One of my students told me in a writing conference last week that one of things she wants to work on as a writer this year is paragraphs, because: “I practiced them last year, and looked at a lot of books about them, you know, like mentor texts, and I know the trick about somebody talking, but I’m still not sure when they go!” So we’ll be looking at them again this year, but I think I’ll share with her that we, the grownups, are also “still not sure when they go”.

    I know that when I write, I play around with paragraphs while I’m still drafting. Which is a definite advantage of drafting on a computer rather than on paper!

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  7. I also agree with everyone. A friend once told me that paragraphing is a “break for the reader’s eyes”…also I maybe read…Barry Lane perhaps, “Imagine that you are reading a book and have to go to the washroom- the paragraphs help you know where you left off and then where you restart after you get back to your book. I loved this idea. I will be sharing everyone’s ideas with the 4th graders that I’m so lucky to work with this year. xo nanc PS The more you write the easier this becomes.

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  8. I agree. Knowing when to begin a new idea or thought for young writers is difficult. I find telling students if the next idea is different from the rest, give it some space for the reader to “digest” your satisfying paragraph. Then begin anew to let them “chew” the next idea.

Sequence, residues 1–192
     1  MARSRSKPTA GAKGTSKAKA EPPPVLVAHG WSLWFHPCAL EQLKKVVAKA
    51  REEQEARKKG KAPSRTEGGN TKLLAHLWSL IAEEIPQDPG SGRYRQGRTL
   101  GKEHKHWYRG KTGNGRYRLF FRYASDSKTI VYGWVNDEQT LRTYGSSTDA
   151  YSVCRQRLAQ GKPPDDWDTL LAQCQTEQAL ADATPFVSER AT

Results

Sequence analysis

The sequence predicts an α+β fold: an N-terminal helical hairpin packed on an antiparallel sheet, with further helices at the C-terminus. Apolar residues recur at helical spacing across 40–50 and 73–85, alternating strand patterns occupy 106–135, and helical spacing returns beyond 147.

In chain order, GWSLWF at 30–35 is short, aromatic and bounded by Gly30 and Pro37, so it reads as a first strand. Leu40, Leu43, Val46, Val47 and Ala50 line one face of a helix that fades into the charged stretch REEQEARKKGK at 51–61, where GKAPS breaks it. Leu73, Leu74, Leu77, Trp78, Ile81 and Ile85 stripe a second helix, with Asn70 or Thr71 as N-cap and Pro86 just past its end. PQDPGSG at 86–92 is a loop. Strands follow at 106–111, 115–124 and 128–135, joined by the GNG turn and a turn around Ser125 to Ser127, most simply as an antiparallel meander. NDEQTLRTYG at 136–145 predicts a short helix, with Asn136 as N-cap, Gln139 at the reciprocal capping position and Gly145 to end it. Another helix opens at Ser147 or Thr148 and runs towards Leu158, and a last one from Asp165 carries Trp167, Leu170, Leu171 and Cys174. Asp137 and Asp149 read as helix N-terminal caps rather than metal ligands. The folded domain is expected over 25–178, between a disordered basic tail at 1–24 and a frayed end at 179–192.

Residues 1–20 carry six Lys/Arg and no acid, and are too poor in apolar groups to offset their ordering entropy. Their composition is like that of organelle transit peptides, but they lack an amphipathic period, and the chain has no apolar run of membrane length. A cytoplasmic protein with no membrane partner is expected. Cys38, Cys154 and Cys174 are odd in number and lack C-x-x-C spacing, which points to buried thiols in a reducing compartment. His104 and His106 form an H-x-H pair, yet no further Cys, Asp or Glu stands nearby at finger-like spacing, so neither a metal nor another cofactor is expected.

While we are on the subject of paragraphs, my students have a hard time remembering to indent when beginning a new one. Any suggestions or cute “phrases” to help them remember?

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  9. I agree with all……new paragraph for each change in speaker, new idea/ topic, change in scene/time period or tone, to emphasize a point….. This is so difficult for students!

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  10. This is such a good question. My students have been writing stories, and the one thing I keep having to tell them is to start a new paragraph when you change speakers. Then I show them models of this.

    Students often ask me how long their paragraphs need to be. Well, there is no clear answer. Some need to be 3-5 sentences, some need to be shorter, some longer.

    One thing I do know is when there are no paragraphs, it is difficult to read. So writers need to think about their readers and make paragraphs that help the reader. This would make a good topic for writing workshop.

    (I went back to my response and made it into three paragraphs instead on one.)

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  11. I think my fingers know before I do. They press enter before I’ve consciously thought about it. Sometimes after a few sentences, sometimes they wait awhile. At times, it’s only one sentence. But when the idea changes, or maybe the tone, or when I’ve said something that I want to really resonate as the last sentences and I want to leave it there, hanging, and the only thing to do is to start the next thing on another line.